The Los Angeles Clippers and Doc Rivers have officially broken up after a fruitful, yet unfulfilling seven-year relationship. This season with Paul George, Kawhi Leonard, Lou Williams, and a plethora of elite role players failed after blowing a 3-1 lead to the Denver Nuggets in the Western Conference Semifinals.
This blown 3-1 lead marks the third for a Doc Rivers coached team, and with Rivers now on the market for another head coaching job, a large portion of the NBA Twitterverse has been relentless in their critique of Rivers, connecting him as the one to blame for the blown leads.
Doc Rivers is not a bad coach whatsoever. He’s actually one of the best coaches in today’s NBA. While I can’t speak too much on the first blown lead in 2003 with a young Tracy McGrady-led Orlando Magic team (I was 10-years-old and too focused on the Lakers), the debacle of 2015 and 2020 have a lot in common. I don’t believe he’s the main culprit behind the Clippers losing either one of their 3-1 leads.
Evidenced by his time in Boston, Doc is an elite coach, and most, if not all of his former players would testify to that. Here’s a brief-ish history of Doc’s coaching tenure after his time with the Magic, where he won the NBA’s Coach of the Year award in 1999, which was his first season coaching.
Rivers took over the head coaching job for the Boston Celtics in 2004 and led them to the playoffs in his first year. In the next two years, the Celtics didn’t make the playoffs. During those two years, his coaching style was picked apart by some critics, more specifically Bill Simmons, who called for his job. He parlayed those critical years into five-straight seasons where the Celtics finished in the top half of the Eastern Conference and won a title with the original ‘big three’ of this era; Kevin Garnett, Paul Pierce, and Ray Allen.
Why didn’t he win more than one title? He had Kobe Bryant, Pau Gasol, and the Lakers to worry about in 2010, and in 2011 and 2012, lost to LeBron James and the Miami Heat’s big three. That’s pretty good company, isn’t it?
That brings us to his tenure with the Clippers, where the Celtics traded Rivers for a first-round draft pick in 2013. In his first season, he led the Clippers to their best season in franchise history with 57 wins and the third-seed in a stacked Western Conference. Yes, he had Chris Paul and Blake Griffin on his roster, but you can say that about every great coach. They all had great players.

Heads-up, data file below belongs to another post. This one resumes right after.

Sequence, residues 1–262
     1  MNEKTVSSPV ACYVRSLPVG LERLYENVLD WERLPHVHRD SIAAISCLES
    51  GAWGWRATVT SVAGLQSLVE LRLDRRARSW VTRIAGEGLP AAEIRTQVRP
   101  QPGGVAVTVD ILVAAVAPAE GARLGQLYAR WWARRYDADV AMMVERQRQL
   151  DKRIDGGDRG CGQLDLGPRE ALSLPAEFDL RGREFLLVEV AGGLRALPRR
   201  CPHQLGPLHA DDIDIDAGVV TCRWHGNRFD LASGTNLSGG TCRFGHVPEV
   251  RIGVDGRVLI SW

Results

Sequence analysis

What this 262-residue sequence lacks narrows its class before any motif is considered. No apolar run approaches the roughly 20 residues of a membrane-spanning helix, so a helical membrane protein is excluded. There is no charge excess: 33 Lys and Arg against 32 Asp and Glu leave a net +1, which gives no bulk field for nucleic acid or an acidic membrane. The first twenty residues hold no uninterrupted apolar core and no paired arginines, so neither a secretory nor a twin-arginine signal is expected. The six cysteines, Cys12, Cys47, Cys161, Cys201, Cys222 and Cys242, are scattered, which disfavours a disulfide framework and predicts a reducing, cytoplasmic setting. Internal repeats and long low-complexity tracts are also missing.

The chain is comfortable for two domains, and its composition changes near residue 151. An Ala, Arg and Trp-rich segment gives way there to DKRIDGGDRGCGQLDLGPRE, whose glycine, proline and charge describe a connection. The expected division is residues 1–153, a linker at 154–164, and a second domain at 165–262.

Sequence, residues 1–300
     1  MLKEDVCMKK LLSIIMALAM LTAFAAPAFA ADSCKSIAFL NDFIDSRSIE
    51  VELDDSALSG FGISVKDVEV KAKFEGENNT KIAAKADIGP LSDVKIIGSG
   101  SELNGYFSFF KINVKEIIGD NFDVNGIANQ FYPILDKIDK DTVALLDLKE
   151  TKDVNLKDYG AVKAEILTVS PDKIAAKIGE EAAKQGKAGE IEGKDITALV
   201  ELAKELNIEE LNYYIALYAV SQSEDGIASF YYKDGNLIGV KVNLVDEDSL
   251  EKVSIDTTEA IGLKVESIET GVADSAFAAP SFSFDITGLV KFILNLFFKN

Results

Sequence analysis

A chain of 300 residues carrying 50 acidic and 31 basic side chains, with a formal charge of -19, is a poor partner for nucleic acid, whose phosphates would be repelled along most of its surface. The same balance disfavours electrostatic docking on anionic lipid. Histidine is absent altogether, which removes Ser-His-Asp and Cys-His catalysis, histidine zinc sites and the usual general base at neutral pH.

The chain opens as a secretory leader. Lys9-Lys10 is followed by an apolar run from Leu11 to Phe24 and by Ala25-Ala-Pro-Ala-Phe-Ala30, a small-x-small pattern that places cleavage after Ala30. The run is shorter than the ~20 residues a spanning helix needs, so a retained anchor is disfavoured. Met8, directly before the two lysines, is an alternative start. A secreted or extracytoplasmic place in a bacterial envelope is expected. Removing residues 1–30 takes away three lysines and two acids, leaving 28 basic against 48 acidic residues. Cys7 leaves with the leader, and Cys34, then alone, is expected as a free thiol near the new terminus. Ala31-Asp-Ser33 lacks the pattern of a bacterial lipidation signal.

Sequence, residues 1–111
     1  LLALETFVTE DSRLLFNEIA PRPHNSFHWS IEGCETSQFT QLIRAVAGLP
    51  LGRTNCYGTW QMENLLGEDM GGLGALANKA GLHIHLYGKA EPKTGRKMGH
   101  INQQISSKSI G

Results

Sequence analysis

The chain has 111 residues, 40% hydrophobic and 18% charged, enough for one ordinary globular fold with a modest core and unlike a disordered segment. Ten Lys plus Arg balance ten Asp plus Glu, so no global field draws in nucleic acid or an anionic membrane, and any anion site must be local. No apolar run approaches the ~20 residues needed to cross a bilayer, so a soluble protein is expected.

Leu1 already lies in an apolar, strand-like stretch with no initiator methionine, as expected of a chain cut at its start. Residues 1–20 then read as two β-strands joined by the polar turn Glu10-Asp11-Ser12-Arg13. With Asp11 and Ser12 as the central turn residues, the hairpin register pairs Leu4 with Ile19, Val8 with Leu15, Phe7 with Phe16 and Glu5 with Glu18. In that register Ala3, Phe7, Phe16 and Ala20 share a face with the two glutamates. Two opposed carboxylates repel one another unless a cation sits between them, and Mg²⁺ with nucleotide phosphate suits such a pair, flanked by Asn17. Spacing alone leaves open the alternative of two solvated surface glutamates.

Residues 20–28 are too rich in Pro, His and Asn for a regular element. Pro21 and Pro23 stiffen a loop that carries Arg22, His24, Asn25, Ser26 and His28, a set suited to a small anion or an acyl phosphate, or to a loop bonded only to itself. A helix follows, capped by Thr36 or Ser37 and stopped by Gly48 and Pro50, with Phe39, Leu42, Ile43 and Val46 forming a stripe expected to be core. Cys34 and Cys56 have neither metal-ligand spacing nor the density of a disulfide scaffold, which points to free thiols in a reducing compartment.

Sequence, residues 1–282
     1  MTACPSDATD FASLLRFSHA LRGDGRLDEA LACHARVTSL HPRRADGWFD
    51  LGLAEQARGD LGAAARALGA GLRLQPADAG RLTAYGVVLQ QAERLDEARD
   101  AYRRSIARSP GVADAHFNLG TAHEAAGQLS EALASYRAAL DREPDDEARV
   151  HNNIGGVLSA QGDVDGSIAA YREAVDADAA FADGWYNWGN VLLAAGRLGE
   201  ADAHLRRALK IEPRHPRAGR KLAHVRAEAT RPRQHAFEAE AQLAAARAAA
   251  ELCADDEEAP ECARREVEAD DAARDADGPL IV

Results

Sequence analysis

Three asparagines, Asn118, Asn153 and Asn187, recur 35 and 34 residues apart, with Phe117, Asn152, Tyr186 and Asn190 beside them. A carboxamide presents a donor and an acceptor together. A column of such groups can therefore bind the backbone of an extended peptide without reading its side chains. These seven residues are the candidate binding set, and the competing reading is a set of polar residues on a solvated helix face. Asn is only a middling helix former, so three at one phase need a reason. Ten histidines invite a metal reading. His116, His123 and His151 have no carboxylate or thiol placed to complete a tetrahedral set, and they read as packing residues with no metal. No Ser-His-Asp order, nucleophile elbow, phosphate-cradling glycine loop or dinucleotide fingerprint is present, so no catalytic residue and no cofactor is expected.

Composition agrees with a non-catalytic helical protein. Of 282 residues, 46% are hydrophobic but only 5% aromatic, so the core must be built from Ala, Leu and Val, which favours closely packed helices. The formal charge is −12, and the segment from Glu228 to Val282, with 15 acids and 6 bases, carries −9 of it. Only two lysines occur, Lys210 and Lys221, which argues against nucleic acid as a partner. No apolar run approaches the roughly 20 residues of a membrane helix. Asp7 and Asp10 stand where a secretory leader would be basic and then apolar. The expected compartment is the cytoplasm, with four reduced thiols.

The Clippers lost in the Western Conference Semis to the Thunder in 2014, who had two generational greats in Russell Westbrook and Kevin Durant. Understandable. In 2015, they blew the 3-1 lead to the Houston Rockets. While the collapse was inexcusable, I wouldn’t place the brunt of the blame on Rivers.
In 2016, after a long offseason with DeAndre Jordan playing seesaw with the Clippers and Dallas Mavericks on where to sign in free agency, there was a storied tension within the franchise, most notably between CP3 and Jordan, as well as Josh Smith and an assistant coach that derailed their season. Two seasons of a discontent roster resulted in two first-round exits in 2016 and 2017, which prompted the Clippers to trade Chris Paul to the Rockets. The season after Paul left, the Rockets finished 10th in the West.
What everyone seems to forget is last season, 2018-19 where the Clippers didn’t feature one superstar like every other playoff team in the West. Last season was the biggest test for Doc as a coach since his first year with Orlando, and he did a masterful job with the gritty, young core that earned the eighth-seed in a stacked Western Conference with 48 wins.
Nobody talks about that.
But this year, since the Clippers blew a 3-1 lead in the NBA bubble to the Denver Nuggets, the hot thing to say is that Doc Rivers is the problem. Instead of blaming the grown men, more specifically, the superstar-caliber players on the court that make significantly more money than Rivers for not performing, the easy thing to do is blame Doc.
The Clippers franchise made the playoffs six times in the 30 years before Rivers became their head coach in 2013. In Doc’s seven seasons in LA, they made the playoffs six of those years. Rivers played a huge role in building a new identity for the Clippers franchise in his time there, despite all the drama he dealt with.
Remember the Donald Sterling scandal of 2014? Rivers was at the forefront of that as head coach and made a stand saying he wouldn’t continue coaching the Clippers if Sterling remained as the Clippers owner. After Sterling was banned for life by NBA commissioner Adam Silver, Rivers was promoted to president of basketball operations in conjunction with his continuing head coaching duties.
More recently, and something we all can remember is the Clippers’ decision to gamble with their entire future to get the stacked team full of hype, more controversy, and no results in return.
The Los Angeles Clippers have a long history of fumbling bags. The inevitable implosion of the franchise as we know it is impending. The implosion just started with Doc Rivers departing from the franchise. Rivers isn’t the problem. The Clippers are. If Rivers can find a young team that’ll buy into his coaching style, he’ll prove how elite he is once again.